Load cells 118 and 120 are represented with that numeration in FIG. 10. These load cells are each configured as a four resistance balance bridge-type load cell. The outputs of load cells 118 and 120 are directed to an amplification function as represented by respective lines 212 and 214 extending to amplifier block 216. The output of amplifier 216 is represented at line 218 extending to an analog-to-digital converter function represented at block 220. Correspondingly, output of the converter function 220 is directed to the microprocessor 180 as represented at line 222. Microprocessor 180 converts the signal to a force value in pounds or kilograms which is displayed in the LCD 18. The menu switch 22 is shown associated with microprocessor 180 via line 224, while the select switch 24 is associated with that processing function as represented at line 188.
Each of the instruments 10 is calibrated using nineteen combinations of six standard weights. A best fit is determined and the instrument is called upon to have a root mean square error (RMS) of 0.1 pounds or less to pass calibration requirements. Once the calibration constants have been determined, the system is loaded with two redundant copies of the calibration constants. The zero point of the load cell is monitored at all times during the use of the instrument 10. If a drift is found, then a warning is shown at the LCD display 18. If any lead wire to the load cell becomes disconnected, then the built-in monitoring detects this occurrence, shows an error message, and disables further use of instrument 10 until the power is reset. These features insure that the force reading shown is accurate and true. Absolute values of the outputs of load cells 118 and 120 are summed to provide a force output signal. In general, the load measurement accuracy of instrument 10 is better than 0.1 pound of 0.1% of applied force whichever is greater.
In the discourse to follow, the sequences of the program protocol carried out by instrument 10 are represented in flow chart fashion. In general, these flow charts commence with a configuration sequence if desired and then look to two diagnostic protocols followed by two therapeutic protocols.
With the publication of the screen as represented at block 246, then as represented at line 252 and block 254 the practitioner or user is called upon to determine whether to enter a configuration sequence or to progress to a diagnostic grip test. To enter the latter diagnostic grip test sequence, as represented at line 256 and block 258 by pressing switch 24 display 18 will prompt the user to press the select switch 24 to commence a diagnostic grip test sequence. Where the select switch 24 is actuated, then the program enters the diagnostic grip test sequence as represented at line 260 and node A.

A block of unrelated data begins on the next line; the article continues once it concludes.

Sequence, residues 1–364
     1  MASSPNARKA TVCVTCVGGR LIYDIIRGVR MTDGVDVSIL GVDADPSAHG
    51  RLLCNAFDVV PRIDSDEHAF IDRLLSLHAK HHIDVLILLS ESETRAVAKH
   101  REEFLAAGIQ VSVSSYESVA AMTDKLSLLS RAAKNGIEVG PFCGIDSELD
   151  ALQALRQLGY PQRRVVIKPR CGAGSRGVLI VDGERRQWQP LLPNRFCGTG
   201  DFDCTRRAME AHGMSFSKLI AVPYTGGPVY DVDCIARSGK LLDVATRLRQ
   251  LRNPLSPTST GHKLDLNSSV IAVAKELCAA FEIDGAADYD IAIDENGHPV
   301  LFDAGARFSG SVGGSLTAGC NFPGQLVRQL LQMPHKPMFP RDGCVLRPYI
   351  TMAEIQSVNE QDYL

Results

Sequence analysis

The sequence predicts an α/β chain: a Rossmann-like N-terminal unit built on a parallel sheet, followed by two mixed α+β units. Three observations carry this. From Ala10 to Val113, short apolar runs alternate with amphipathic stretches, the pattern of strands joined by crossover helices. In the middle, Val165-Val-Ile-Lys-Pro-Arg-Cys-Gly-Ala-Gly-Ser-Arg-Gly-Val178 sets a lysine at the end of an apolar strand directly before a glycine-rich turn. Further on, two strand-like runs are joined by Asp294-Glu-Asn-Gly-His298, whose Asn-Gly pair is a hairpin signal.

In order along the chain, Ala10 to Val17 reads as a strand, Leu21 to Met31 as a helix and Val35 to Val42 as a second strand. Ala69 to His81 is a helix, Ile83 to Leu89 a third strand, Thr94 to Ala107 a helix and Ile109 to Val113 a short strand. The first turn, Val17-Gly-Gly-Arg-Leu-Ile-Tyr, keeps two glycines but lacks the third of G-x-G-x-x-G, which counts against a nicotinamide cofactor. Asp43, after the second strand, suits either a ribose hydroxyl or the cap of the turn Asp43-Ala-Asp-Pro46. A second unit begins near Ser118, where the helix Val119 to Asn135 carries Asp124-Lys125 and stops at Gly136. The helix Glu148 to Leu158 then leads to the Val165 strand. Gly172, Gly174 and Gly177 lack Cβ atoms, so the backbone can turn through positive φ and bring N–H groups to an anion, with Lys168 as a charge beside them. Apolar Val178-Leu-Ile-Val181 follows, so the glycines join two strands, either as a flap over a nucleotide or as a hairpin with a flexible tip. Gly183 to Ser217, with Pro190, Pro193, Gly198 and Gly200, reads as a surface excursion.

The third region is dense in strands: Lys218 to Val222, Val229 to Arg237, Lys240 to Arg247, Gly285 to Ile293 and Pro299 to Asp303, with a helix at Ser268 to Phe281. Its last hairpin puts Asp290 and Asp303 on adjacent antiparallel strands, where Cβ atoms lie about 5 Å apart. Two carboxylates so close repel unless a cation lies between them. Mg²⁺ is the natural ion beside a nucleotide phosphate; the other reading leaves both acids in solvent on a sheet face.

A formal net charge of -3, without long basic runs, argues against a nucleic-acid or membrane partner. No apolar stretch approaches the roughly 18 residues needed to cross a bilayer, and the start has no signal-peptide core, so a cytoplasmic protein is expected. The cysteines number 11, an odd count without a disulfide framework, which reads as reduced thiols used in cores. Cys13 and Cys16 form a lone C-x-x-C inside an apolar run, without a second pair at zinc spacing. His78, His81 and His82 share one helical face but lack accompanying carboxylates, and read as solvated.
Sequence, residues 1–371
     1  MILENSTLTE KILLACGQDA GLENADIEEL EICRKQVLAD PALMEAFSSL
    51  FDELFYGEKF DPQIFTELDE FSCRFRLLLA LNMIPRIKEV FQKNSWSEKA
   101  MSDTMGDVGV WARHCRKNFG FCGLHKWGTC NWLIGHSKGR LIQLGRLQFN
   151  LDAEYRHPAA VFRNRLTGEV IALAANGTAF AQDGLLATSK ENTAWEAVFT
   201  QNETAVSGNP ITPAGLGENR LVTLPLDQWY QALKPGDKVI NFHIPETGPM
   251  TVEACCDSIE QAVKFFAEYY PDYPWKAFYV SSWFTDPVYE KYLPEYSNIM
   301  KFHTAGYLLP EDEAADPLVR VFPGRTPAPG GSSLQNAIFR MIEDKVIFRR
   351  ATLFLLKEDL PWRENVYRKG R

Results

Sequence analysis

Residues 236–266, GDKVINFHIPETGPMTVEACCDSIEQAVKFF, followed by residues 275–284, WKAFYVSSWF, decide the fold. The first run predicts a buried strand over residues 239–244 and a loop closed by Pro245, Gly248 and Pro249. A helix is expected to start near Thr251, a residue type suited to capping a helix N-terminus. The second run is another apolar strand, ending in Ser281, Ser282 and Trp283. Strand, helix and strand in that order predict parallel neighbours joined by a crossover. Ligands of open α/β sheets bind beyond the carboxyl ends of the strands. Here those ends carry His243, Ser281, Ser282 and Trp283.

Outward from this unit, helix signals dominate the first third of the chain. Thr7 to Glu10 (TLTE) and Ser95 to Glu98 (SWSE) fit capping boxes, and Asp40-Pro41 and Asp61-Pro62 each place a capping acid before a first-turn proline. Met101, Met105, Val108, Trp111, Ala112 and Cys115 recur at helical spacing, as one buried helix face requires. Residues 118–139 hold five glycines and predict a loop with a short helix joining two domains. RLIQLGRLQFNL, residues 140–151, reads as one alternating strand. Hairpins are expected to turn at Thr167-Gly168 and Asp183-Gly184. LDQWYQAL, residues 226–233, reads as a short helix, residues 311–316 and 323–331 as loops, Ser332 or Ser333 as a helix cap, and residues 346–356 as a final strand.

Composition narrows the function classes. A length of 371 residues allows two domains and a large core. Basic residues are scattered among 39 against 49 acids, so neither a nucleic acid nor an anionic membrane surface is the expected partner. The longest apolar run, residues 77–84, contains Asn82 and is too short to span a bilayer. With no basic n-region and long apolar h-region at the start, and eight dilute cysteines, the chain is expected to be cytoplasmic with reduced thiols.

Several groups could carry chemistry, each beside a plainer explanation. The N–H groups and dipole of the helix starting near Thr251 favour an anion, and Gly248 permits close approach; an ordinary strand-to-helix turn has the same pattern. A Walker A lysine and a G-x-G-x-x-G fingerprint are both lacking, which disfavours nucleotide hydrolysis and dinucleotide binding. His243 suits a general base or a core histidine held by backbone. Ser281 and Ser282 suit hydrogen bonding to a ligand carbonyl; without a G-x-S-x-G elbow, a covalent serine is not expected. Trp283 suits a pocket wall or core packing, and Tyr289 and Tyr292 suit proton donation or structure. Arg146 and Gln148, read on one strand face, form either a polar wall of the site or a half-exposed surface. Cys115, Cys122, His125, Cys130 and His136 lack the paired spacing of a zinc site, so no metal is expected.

Where a determination on the part of the practitioner or user is made to enter a configuration sequence, then as represented at line 262 and block 264 the configuration sequence is entered by actuating switch 22. As represented at line 266 and block 268 the initial configuration looks to units. Recall from block 246 that the instrument 10 defaults to a units evaluated in pounds. As represented at line 270 and block 272 by actuating select switch 24 the units parameter can be converted to kilograms instead of pounds. The program then continues upon depressing or actuating menu switch 22 as represented at either lines 274 or 276 leading to block 278. As represented at block 278, the user then is given the opportunity to delete the audible tone. In this regard, by actuating select switch 24, as represented at line 280 and block 282, the tone is deleted, display 18 showing the term “tone” in connection with the letter N.
The configuration sequence then continues as represented at either lines 283 or 284 with the actuation of menu switch 22. This actuation of switch 22 provides for the establishing of a rapid exchange diagnostic test cycle time change. As set forth at block 286 the default cycle time is 1.5 seconds. However, by actuation of select switch 24, as represented at line 288 and block 290 the operator may change the cycle time to 2.5 seconds. The program then continues by actuating the menu switch 22 as represented at either of lines 292 or 294. These lines lead to the configuration alteration represented at block 296. Recall from block 246 that the default number of exchanges for the rapid exchange diagnostic procedure is 10. However, as represented at line 298 and block 300 the operator may change the number of exchanges from 10 to 20 by actuation of select switch 24. The program then returns to line 244 by actuation of the menu switch 22 as represented at lines 302 and 304. As described in connection with block 258, line 260 and node A, the operator may elect to proceed with a diagnostic grip test.